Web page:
I don’t get particularly upset about spam email. I just delete it and move on. Chain letters and hoaxes can fall into this category. Lot’s of times you also get them from well meaning people you know. These are dire warnings about devastating new viruses, Trojans, and malicious software. Often you get messages about free money, children in trouble, and other items designed to grab you and get you to forward the message to everyone you know. You have to be careful not to perpetuate a hoax, especially when that tells you to do something, especially something that might damage your computer.
Here are some tips from an old Computer Incident Advisory Capability (CIAC) website story that I had in my files.
How to Recognize a Hoax
Probably the first thing you should notice about a warning is the request to “send this to everyone you know” or some variant of that statement. This should raise a red flag that the warning is probably a hoax. No real warning message from a credible source will tell you to send this to everyone you know.
Next, look at what makes a successful hoax. There are two known factors that make a successful hoax, they are:
(1) technical sounding language.
(2) credibility by association.
If the warning uses the proper technical jargon, most individuals, including technologically savvy individuals, tend to believe the warning is real. For example, the Good Times hoax says that “…if the program is not stopped, the computer’s processor will be placed in an nth-complexity infinite binary loop which can severely damage the processor…”. The first time you read this, it sounds like it might be something real. With a little research, you find that there is no such thing as an nth-complexity infinite binary loop and that processors are designed to run loops for weeks at a time without damage.
When we say credibility by association we are referring to who sent the warning. If the janitor at a large technological organization sends a warning to someone outside of that organization, people on the outside tend to believe the warning because the company should know about those things. Even though the person sending the warning may not have a clue what he is talking about, the prestige of the company backs the warning, making it appear real. If a manager at the company sends the warning, the message is doubly backed by the company’s and the manager’s reputations.
Recognizing a Chain Letter
Chain letters and most hoax messages all have a similar pattern. From the older printed letters to the newer electronic kind, they all have three recognizable parts:
· A hook.
· A threat.
· A request.
First, there is a hook, to catch your interest and get you to read the rest of the letter. Hooks used to be “Make Money Fast” or “Get Rich” or similar statements related to making money for little or no work. Electronic chain letters also use the “free money” type of hooks, but have added hooks like “Danger!” and “Virus Alert” or “A Little Girl Is Dying”. These tie into our fear for the survival of our computers or into our sympathy for some poor unfortunate person.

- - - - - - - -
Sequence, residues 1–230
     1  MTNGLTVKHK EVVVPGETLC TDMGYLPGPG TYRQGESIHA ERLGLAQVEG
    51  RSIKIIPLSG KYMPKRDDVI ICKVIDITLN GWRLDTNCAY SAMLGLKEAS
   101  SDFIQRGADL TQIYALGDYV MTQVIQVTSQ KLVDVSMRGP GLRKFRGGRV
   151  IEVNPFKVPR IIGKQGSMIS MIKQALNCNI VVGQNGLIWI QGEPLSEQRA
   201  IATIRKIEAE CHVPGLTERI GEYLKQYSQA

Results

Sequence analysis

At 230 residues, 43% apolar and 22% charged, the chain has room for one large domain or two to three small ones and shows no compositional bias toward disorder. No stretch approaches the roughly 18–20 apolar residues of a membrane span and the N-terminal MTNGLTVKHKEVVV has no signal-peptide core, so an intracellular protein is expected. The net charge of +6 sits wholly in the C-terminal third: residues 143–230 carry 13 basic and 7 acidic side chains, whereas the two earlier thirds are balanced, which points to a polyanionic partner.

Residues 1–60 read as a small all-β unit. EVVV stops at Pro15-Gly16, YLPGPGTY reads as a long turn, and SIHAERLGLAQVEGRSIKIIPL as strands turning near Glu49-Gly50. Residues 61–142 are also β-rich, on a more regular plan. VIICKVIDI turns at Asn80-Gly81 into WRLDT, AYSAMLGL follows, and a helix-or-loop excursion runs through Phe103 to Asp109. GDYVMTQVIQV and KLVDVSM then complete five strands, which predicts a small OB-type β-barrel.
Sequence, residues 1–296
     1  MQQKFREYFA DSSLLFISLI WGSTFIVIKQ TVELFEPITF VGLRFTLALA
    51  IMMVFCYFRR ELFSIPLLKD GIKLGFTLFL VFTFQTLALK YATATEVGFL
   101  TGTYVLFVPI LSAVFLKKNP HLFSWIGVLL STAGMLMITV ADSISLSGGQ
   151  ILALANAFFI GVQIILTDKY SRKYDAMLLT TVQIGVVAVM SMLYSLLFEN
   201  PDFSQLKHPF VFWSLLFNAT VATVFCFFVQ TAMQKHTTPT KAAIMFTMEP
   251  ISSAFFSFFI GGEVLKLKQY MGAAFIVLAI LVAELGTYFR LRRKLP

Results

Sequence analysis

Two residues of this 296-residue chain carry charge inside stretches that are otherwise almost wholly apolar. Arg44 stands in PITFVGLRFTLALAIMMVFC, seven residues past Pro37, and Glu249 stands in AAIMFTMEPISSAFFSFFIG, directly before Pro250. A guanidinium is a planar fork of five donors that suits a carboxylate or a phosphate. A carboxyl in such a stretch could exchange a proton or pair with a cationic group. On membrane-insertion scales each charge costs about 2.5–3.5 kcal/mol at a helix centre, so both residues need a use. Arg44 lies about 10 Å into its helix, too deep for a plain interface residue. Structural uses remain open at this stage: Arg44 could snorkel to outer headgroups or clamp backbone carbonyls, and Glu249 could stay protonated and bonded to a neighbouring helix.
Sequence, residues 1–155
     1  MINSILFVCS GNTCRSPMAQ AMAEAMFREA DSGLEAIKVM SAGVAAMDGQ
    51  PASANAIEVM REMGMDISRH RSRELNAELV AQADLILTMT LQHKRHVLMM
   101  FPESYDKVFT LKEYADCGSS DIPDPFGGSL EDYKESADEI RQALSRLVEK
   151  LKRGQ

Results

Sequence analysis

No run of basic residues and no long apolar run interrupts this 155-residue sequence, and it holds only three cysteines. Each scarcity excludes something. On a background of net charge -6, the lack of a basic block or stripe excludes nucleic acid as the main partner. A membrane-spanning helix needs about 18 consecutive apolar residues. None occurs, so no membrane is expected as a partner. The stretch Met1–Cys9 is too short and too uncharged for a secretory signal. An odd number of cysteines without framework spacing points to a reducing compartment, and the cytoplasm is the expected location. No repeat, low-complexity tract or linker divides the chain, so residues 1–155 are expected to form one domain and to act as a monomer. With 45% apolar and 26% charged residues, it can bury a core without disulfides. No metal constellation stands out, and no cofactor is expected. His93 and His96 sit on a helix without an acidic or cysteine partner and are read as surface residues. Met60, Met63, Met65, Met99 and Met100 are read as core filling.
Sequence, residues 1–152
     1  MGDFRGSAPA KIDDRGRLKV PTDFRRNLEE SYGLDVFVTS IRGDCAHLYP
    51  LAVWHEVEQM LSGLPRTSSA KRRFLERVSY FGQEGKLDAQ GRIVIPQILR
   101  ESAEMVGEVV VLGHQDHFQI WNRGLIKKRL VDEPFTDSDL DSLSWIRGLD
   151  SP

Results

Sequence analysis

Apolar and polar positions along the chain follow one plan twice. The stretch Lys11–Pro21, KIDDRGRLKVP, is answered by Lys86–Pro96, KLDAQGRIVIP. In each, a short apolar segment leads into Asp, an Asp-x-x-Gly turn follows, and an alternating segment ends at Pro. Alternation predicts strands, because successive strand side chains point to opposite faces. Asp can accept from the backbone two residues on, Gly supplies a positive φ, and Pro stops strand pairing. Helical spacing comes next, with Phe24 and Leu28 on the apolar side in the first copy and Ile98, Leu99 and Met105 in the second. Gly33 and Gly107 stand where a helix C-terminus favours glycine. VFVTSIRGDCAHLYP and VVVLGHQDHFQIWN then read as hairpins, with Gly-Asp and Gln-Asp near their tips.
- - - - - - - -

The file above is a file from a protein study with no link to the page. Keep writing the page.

When you are hooked, you read on to the threat. Most threats used to warn you about the terrible things that will happen if you do not maintain the chain. However, others play on greed or sympathy to get you to pass the letter on. The threat often contains official or technical sounding language to get you to believe it is real.
Finally, the request. Some older chain letters ask you to mail a dollar to the top ten names on the letter and then pass it on. The electronic ones simply admonish you to “Distribute this letter to as many people as possible.” They never mention clogging the Internet or the fact that the message is a fake, they only want you to pass it on to others.
Chain letters usually do not have the name and contact information of the original sender so it is impossible to check on its authenticity. Legitimate warnings and solicitations will always have complete contact information from the person sending the message and will often be signed with a cryptographic signature. Many of the newer chain letters do have a person’s name and contact information but that person either does not really exist or does exist but does not have anything to do with the hoax message.
It is best not spread chain letters and hoaxes by sending copies to everyone you know. Sending a copy of a cute message to one or two friends is not a problem but sending an unconfirmed warning or plea to everyone you know with the request that they also send it to everyone they know simply adds to the clutter already filling mailboxes.